The VoiceBox appears to the computer as a single IO mapped port, at the IO address FF7F Hex, or 65407 Decimal. The input port responds with the VoiceBox signature of 24 on its uppermost 7 bits, and the Least Significant Bit (LSB) is the BUSY status of the VoiceBox. The VoiceBox must be sent a silence code ( 0 ) [EDIT: Actually a 10ms pause] at the end of each word, or the last allophone will be repeated indefinitely.
For full handshaking operation, the VoiceBox should be driven as shown in the following BASIC subroutine:
1. Poll port 65407. 1000 LET inport = IN 65107 2. Is the VoiceBox 1010 LET sig = inport BAND 254 connected ? 1020 IF sig <> 24 THEN stop 3. Is It still speaking? 1030 LET busy =IN 65407 BAND 1 1040 IF busy =1 THEN GOTO 1030 4. Output the allophone. 1050 OUT 65407,allophone 1060 RETURN
Where : allophone, busy, sig and inport are variable names.
This subroutine should be called for each allophone In the speech to be said. Machine Code programmers should easily be able to convert the above into the corresponding Z80 mnemonics.
The allophones thus far referred to may be found in the final section of this manual. Each letter is followed by the allophone occurrence In an example word, followed by the corresponding code.
Rumour has it that no commercial software at all was released to use the Voicebox. The only known examples are the talking clock on Fred 17, VoiceBox Demo and Immortal Combat on Fred 59 - if you know different then update this entry!
Allophone list from http://www.cpcwiki.eu/index.php/SP0256_Allophones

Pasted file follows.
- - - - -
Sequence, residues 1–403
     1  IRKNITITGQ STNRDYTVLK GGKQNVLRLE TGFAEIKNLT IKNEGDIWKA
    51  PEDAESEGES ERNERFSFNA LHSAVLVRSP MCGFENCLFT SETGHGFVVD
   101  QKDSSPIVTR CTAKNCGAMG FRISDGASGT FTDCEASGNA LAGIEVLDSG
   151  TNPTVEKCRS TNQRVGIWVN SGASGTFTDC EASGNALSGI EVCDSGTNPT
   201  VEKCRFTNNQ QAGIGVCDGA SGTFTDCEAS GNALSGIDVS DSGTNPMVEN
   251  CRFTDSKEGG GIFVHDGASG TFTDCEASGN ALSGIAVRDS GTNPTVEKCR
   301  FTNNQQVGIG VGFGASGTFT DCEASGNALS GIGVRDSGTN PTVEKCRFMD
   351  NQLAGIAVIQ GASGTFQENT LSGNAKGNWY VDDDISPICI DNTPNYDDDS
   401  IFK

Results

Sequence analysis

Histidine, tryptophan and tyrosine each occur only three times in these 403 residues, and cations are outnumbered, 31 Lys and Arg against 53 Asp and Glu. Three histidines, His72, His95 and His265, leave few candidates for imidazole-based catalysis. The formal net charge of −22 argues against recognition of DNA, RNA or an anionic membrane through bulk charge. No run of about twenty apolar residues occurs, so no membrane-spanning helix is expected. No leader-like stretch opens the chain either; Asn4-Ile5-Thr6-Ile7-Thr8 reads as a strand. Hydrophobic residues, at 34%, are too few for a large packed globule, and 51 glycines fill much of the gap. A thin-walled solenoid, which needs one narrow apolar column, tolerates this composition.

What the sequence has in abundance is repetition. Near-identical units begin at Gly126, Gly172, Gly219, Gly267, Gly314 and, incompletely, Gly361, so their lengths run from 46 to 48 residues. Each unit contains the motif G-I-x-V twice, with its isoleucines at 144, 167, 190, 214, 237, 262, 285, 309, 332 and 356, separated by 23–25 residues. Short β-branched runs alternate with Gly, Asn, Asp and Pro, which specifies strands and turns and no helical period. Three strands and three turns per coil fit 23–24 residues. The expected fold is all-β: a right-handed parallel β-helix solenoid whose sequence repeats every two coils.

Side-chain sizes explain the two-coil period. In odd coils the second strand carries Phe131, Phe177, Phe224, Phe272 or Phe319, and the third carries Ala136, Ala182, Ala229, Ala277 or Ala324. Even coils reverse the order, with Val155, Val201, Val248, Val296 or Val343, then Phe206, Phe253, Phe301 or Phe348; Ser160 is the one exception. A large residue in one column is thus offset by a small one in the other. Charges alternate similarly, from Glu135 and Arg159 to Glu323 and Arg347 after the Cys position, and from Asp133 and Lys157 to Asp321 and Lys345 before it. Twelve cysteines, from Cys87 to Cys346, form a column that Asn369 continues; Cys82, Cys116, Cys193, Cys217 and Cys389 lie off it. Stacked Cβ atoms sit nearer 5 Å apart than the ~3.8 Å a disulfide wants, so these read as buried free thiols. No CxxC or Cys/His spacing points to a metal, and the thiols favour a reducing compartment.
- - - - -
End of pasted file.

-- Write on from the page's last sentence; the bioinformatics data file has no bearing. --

SP0256-AL2 Allophone List
Num Name Example Funny Actual Num Name Example Funny Actual 00h PA1 PAUSE 10ms 6.4ms 20h /AW/ Out 370ms 254.8ms 01h PA2 PAUSE 30ms 25.6ms 21h /DD2/ Do 160ms 72.1ms 02h PA3 PAUSE 50ms 44.8ms 22h /GG3/ Wig 140ms 110.5ms 03h PA4 PAUSE 100ms 96.0ms 23h /VV/ Vest 190ms 127.4ms 04h PA5 PAUSE 200ms 198.4ms 24h /GG1/ Got 80ms 72.1ms 05h /OY/ Boy 420ms 291.2ms 25h /SH/ Ship 160ms 198.4ms 06h /AY/ Sky 260ms 172.9ms 26h /ZH/ Azure 190ms 134.1ms 07h /EH/ End 70ms 54.6ms 27h /RR2/ Brain 120ms 81.9ms 08h /KK3/ Comb 120ms 76.8ms 28h /FF/ Food 150ms 108.8ms 09h /PP/ Pow 210ms 147.2ms 29h /KK2/ Sky 190ms 134.4ms 0Ah /JH/ Dodge 140ms 98.4ms 2Ah /KK1/ Can't 160ms 115.2ms 0Bh /NN1/ Thin 140ms 172.9ms 2Bh /ZZ/ Zoo 210ms 148.6ms 0Ch /IH/ Sit 70ms 45.5ms 2Ch /NG/ Anchor 220ms 200.2ms 0Dh /TT2/ To 140ms 96.0ms 2Dh /LL/ Lake 110ms 81.9ms 0Eh /RR1/ Rural 170ms 127.4ms 2Eh /WW/ Wool 180ms 145.6ms 0Fh /AX/ Succeed 70ms 54.6ms 2Fh /XR/ Repair 360ms 245.7ms 10h /MM/ Milk 180ms 182.0ms 30h /WH/ Whig 200ms 145.2ms 11h /TT1/ Part 100ms 76.8ms 31h /YY1/ Yes 130ms 91.0ms 12h /DH1/ They 290ms 136.5ms 32h /CH/ Church 190ms 147.2ms 13h /IY/ See 250ms 172.9ms 33h /ER1/ Letter 160ms 109.2ms 14h /EY/ Beige 280ms 200.2ms 34h /ER2/ Fir 300ms 209.3ms 15h /DD1/ Could 70ms 45.5ms 35h /OW/ Beau 240ms 172.9ms 16h /UW1/ To 100ms 63.7ms 36h /DH2/ Bath 240ms 182.0ms 17h /AO/ Aught 100ms 72.8ms 37h /SS/ Vest 90ms 64.0ms 18h /AA/ Hot 100ms 63.7ms 38h /NN2/ No 190ms 136.5ms 19h /YY2/ Yes 180ms 127.4ms 39h /HH2/ Hoe 180ms 126.0ms 1Ah /AE/ Hat 120ms 81.9ms 3Ah /OR/ Store 330ms 236.6ms 1Bh /HH1/ He 130ms 89.6ms 3Bh /AR/ Alarm 290ms 200.2ms 1Ch /BB1/ Business 80ms 36.4ms 3Ch /YR/ Clear 350ms 245.7ms 1Dh /TH/ Thin 180ms 128.0ms 3Dh /GG2/ Guest 40ms 69.4ms 1Eh /UH/ Book 100ms 72.8ms 3Eh /EL/ Saddle 190ms 136.5ms 1Fh /UW2/ Food 260ms 172.9ms 3Fh /BB2/ Business 50ms 50.2ms
- Mind that completion of an allophone doesn't mute the voice generator (it'll keep repeating the end of the allophone until receiving a new allophone). To mute the voice generator, output a short pause (eg. PA1) after your last allophone.
- The "Funny" timings are from the SP0256-AL2 data sheet (these values are totally wrong).
- The "Actual" timings are calculated from the pitch/repeat values in the AL2 ROM (these values should be 100% correct).